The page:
Picture this if you can.  In every synagogue in the world towards the front above the Ark where the Torah scrolls are kept there is a small light.  Now the light could have various names.  It could be called the small light or the little light or the fragile flame.  But listen to this.  The light is called the NER TAMID, which means THE ETERNAL LIGHT.

How unexpected that really is.

In days of old, the light would literally have been nothing more than a tiny flame.  The breath of a child could have extinguished it.  But here’s the point.  It was still called the NER TAMID/ETERNAL LIGHT because it was believed nothing could blow out the light.  Tiny as a small flame, it was strong because God was strong.  It was eternal because there was and there is something in the universe that protects and guides all of us at our best.

So what are we doing here in this sanctuary?

Even if the Church doesn’t have a literal Eternal Light, we are here because we do believe that there is something powerful and persistent afoot in the world.

Call it hope.  Call it light.  Call it God. 

When we are hungry, there is a place to turn for nourishment.

When we are lonely, there is a place for community.

When storm clouds threaten us, there is a place for shelter.

I believe that is the magic of our being together. 

We can’t remedy the world’s problems sitting here, but we can summon the strength and faith here to do the hard work there outside.

You don’t really have to come here for that purpose.  Lots of very good people care about our world and almost never pray or come to the sanctuary.  Which is wonderful for them and for us.  But lots of good people also do almost nothing for the world and never come to pray either.

You and I are different.

We come here because what we do here builds us up.  The vision of a better world touches something inside us.  The talk about goodness and the stories of Jesus help us believe that dreams are not foolish.  People can change the world today because we have learned about other people who made a difference in eras gone by.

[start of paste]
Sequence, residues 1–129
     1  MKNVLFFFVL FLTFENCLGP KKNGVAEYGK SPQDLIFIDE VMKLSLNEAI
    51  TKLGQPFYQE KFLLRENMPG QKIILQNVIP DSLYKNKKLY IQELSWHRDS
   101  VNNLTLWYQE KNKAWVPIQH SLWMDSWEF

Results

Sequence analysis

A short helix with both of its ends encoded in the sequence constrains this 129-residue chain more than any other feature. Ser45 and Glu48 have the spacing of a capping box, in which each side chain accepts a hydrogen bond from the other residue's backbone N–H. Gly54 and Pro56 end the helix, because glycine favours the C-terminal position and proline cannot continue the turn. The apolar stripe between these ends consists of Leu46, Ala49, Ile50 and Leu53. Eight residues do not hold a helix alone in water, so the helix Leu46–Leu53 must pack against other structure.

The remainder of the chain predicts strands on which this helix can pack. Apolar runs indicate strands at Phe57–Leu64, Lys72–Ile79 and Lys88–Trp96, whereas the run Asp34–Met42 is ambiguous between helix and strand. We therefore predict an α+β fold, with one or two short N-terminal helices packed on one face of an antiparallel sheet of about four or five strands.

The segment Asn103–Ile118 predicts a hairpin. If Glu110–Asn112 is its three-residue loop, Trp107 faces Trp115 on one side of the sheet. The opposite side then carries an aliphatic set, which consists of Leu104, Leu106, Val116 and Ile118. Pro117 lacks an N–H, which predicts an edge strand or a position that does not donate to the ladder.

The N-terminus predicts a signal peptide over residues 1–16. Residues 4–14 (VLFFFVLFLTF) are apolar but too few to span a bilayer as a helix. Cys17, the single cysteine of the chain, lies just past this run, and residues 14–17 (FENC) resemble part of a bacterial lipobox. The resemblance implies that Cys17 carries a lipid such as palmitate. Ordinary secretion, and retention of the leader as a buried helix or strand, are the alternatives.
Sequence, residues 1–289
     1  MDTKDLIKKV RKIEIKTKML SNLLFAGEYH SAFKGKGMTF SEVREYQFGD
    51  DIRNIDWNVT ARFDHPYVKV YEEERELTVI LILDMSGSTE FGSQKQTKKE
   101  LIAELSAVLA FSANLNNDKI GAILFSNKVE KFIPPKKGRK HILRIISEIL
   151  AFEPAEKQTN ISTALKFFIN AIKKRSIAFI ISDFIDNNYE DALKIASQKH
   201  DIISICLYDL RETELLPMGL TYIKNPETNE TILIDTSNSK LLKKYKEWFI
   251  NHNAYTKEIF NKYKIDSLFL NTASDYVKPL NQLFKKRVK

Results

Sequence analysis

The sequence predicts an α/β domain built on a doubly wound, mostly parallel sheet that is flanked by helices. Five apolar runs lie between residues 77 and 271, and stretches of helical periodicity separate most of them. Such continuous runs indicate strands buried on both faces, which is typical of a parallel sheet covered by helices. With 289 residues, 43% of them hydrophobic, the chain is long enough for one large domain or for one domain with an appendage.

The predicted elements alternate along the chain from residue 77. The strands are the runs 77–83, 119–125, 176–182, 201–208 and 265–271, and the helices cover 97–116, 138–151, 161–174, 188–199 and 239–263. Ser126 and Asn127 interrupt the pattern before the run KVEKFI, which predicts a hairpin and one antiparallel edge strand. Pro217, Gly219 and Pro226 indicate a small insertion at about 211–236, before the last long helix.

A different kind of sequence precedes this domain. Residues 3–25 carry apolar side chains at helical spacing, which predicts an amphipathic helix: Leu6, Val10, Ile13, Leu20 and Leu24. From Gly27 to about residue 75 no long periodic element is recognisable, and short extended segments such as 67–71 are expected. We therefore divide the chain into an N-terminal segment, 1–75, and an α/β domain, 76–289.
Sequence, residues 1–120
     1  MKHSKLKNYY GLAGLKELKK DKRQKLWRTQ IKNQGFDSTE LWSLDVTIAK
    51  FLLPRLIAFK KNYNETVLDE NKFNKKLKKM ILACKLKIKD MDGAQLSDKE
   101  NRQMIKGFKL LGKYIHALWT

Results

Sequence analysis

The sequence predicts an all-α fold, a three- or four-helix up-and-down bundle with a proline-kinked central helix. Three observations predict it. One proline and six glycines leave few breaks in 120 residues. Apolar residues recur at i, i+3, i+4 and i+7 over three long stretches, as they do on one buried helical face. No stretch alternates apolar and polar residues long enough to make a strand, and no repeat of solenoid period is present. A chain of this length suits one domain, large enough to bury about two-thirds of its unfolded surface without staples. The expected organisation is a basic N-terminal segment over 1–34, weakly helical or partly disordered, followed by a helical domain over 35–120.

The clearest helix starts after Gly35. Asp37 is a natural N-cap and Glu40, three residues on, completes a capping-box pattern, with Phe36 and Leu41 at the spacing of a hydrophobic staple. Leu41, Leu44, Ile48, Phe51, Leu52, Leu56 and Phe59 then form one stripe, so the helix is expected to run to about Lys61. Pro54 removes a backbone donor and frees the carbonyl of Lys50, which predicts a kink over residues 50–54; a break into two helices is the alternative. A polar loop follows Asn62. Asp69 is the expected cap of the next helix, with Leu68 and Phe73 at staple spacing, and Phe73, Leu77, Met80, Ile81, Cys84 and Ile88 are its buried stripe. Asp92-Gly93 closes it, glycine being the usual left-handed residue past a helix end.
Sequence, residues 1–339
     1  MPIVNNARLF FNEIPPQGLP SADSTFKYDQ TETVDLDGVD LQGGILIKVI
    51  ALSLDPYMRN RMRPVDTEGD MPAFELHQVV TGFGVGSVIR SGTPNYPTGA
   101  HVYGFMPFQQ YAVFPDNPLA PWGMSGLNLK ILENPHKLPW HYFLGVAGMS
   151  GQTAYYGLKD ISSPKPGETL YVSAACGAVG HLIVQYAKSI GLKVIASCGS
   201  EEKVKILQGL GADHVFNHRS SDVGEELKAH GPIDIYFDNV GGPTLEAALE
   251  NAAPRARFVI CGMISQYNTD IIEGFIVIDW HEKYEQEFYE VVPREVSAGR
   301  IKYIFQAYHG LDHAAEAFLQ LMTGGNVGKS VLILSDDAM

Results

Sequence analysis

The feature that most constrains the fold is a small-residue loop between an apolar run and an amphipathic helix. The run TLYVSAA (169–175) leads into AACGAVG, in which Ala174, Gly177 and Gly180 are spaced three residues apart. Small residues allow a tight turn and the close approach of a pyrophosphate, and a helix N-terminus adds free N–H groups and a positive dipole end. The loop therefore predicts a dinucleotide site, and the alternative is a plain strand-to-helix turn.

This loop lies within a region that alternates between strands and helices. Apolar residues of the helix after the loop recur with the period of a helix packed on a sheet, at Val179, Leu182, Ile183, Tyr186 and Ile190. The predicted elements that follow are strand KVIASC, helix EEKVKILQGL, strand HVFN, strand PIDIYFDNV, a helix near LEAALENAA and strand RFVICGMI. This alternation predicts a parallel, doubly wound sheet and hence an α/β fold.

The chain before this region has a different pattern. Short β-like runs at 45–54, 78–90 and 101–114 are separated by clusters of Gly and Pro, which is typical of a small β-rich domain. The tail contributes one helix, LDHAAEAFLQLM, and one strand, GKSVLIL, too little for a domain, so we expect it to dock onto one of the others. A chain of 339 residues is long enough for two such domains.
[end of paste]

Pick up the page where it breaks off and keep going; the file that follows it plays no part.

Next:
I like being here.

Actually, I love being here.

I love the music and the wording and the pageantry and the history and the kindness.  I love the fact that we slow down in here.  We pause and take a breath.  We even greet each other.  We care.

It’s not perfect.  Some days I may not like one of the choir’s melodies.  Some days I wish we had another reading.  But ultimately that doesn’t matter because, taken as a whole, the service creates an alternate reality.  The service says we matter and God cares. 

I think the service smiles.

Not a feeble smile.  Not a frightened smile.

No, the service shines light on us that makes us feel comfortable and comforted.  The service embraces us and tells us we are connected.

What more could I ask for on any Sunday morning?

*************

Do you remember one of the self-help books that came out many years ago?  It had the perfect title…. I’m OK.  You’re OK…

To be honest, I don’t remember what specific advice the book gave, but I do remember that title because that title communicates the secret of our sanctuary.  We come here because, when all is said and done, the service whispers…I’m OK.  You’re OK.  We’re all OK. 

What a beautiful and positive teaching. 

I’m OK.  You’re OK.  We’re all OK. 

When we are here, that is how I feel.

That is what I believe.

What a gift. 

I’m OK.  You’re OK.  We’re all OK. 

So may it be today and whenever we gather together in this holy place.

AMEN.